Getting Smarter, Maybe
All in an April Week

Walk This Way

I always think about Troy when we walk here.

Whenever we get to this point (after 2/3 - 5/8 of the way) of our five mile walk -- it is in the parking lot behind a store belonging to a big pharmacy chain and a very large gym belonging to a slightly less large national company -- I think (amid thoughts about Friday's class on the beginning of the Age of Augustus and why there was such a celebration about peace at the rise (cost) of an Emperor/Dictator, about whether Charlie's learning to recycle cans might result in any kind of job for him, about how we're going to gut out the hour and a half left when we get home before Jim's train arrives) of the windy plains of Troy and the Scamander River in Homer and in Virgil, when Aeneas recalls the lost city he always looks back to.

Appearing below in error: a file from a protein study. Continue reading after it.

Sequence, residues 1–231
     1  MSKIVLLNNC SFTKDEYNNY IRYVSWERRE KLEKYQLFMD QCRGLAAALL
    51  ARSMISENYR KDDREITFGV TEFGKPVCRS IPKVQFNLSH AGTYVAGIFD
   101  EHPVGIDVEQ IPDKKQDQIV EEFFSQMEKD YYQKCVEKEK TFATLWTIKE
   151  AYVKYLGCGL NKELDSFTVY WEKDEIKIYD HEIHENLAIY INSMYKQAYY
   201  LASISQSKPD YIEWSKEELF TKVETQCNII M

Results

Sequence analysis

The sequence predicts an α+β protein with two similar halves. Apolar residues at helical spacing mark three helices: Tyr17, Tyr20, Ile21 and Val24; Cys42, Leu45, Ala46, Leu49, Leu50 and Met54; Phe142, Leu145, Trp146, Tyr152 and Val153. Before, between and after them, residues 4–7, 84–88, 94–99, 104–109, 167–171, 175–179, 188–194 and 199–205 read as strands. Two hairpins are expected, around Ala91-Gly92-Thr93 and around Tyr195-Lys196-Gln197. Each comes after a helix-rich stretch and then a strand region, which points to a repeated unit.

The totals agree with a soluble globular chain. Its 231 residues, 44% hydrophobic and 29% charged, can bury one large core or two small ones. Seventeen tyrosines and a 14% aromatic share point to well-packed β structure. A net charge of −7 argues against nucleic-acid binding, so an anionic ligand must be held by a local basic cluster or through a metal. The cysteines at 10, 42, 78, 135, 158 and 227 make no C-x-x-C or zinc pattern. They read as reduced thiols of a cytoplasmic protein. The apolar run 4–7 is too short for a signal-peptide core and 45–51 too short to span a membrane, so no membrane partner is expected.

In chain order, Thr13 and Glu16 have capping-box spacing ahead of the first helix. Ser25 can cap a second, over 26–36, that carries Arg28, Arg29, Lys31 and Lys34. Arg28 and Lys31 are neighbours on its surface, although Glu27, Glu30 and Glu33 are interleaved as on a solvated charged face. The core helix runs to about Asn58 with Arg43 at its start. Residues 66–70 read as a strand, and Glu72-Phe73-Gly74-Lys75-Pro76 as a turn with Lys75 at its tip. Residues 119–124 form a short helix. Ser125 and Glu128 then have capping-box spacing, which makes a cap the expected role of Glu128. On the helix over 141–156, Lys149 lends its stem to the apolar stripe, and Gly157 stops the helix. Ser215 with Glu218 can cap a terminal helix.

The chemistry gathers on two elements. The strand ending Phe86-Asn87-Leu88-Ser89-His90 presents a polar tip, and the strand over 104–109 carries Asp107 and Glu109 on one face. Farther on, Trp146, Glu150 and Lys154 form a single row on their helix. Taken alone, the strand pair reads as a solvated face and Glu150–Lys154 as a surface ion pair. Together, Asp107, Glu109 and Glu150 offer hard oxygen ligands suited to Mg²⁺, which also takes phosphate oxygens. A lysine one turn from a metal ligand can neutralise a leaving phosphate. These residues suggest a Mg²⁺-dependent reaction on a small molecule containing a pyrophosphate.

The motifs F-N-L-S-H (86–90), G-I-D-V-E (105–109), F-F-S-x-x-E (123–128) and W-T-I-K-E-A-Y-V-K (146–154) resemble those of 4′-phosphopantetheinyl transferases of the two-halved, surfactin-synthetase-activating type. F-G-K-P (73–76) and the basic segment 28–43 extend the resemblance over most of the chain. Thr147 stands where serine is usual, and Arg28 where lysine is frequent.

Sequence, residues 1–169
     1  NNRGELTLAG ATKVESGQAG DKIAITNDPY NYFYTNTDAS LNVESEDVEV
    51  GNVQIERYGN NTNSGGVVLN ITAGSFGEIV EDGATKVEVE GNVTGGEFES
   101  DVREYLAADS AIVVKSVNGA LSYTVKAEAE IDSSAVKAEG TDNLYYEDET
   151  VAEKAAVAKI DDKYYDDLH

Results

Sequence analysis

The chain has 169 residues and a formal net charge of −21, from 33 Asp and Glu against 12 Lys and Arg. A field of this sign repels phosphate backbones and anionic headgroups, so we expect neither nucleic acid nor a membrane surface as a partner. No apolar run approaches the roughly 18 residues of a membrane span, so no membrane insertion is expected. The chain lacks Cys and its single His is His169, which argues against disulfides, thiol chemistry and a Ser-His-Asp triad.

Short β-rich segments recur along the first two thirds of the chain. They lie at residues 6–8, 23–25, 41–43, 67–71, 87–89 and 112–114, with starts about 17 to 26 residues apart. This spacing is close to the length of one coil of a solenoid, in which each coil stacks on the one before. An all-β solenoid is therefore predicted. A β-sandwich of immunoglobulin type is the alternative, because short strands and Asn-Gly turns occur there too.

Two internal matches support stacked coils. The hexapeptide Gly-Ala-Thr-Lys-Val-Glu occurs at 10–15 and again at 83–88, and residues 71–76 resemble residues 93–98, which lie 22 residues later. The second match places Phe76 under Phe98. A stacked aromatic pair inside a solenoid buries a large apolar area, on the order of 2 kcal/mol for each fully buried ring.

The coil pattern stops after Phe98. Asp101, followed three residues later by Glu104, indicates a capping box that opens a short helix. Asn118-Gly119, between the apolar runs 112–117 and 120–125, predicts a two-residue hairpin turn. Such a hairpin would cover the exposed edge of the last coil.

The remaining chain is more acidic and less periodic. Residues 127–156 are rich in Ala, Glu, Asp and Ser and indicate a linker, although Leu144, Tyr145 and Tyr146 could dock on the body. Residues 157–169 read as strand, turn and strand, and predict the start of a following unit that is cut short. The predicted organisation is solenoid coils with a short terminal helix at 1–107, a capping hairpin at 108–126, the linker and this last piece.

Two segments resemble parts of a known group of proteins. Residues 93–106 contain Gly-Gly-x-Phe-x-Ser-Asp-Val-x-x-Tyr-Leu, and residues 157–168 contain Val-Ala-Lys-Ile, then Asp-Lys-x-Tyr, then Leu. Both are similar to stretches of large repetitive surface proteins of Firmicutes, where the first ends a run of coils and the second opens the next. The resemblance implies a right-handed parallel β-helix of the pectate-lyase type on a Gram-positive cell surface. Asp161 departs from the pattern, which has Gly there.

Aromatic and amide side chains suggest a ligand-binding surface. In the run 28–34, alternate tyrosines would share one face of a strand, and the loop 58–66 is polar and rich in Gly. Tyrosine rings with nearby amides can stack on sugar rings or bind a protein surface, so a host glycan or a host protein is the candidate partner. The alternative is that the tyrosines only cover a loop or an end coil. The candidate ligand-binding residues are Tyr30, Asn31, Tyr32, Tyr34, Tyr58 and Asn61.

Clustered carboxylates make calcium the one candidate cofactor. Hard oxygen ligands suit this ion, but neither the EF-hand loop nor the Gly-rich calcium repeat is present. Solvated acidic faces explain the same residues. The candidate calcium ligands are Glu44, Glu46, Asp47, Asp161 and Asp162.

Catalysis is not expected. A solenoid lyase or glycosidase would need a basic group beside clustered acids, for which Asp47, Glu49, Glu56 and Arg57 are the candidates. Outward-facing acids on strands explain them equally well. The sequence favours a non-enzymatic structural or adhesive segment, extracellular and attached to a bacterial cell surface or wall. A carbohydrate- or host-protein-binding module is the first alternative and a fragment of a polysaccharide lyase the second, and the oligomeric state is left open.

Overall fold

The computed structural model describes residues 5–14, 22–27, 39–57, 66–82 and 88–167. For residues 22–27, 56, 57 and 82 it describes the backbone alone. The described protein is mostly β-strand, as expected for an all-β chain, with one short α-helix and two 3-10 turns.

'A fugitive of fate, buffeted about on land and sea.' (from lines 2 and 3 of the Aeneid)

You can walk a long way with classical poetry, and with Charlie. Sometimes you have to run; generally you cannot catch up until he's always onto the next thing, challenge, obstacle, harsh reality, stage. But I do have stamina built up from running daily for the past thirty+ years (and reading Greek and Latin).

Comments

Alice

It keeps us young (I hope!)

Kristina Chew

Charlie is quite the 'trainer'--

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